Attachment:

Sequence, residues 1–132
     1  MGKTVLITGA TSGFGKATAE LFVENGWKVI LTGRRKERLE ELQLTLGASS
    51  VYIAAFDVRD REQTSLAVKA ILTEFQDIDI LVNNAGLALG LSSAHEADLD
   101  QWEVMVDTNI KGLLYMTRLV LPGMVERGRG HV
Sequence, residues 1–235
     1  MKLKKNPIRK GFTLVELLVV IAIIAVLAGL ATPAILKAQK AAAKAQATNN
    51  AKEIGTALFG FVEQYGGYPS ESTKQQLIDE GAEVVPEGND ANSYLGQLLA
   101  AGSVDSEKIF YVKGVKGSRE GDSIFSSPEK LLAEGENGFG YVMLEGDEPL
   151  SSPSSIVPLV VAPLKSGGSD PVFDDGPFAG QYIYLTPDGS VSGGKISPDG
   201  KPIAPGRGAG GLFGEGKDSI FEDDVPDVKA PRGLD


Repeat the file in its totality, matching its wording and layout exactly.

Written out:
Sequence, residues 1–132
     1  MGKTVLITGA TSGFGKATAE LFVENGWKVI LTGRRKERLE ELQLTLGASS
    51  VYIAAFDVRD REQTSLAVKA ILTEFQDIDI LVNNAGLALG LSSAHEADLD
   101  QWEVMVDTNI KGLLYMTRLV LPGMVERGRG HV
Sequence, residues 1–235
     1  MKLKKNPIRK GFTLVELLVV IAIIAVLAGL ATPAILKAQK AAAKAQATNN
    51  AKEIGTALFG FVEQYGGYPS ESTKQQLIDE GAEVVPEGND ANSYLGQLLA
   101  AGSVDSEKIF YVKGVKGSRE GDSIFSSPEK LLAEGENGFG YVMLEGDEPL
   151  SSPSSIVPLV VAPLKSGGSD PVFDDGPFAG QYIYLTPDGS VSGGKISPDG
   201  KPIAPGRGAG GLFGEGKDSI FEDDVPDVKA PRGLD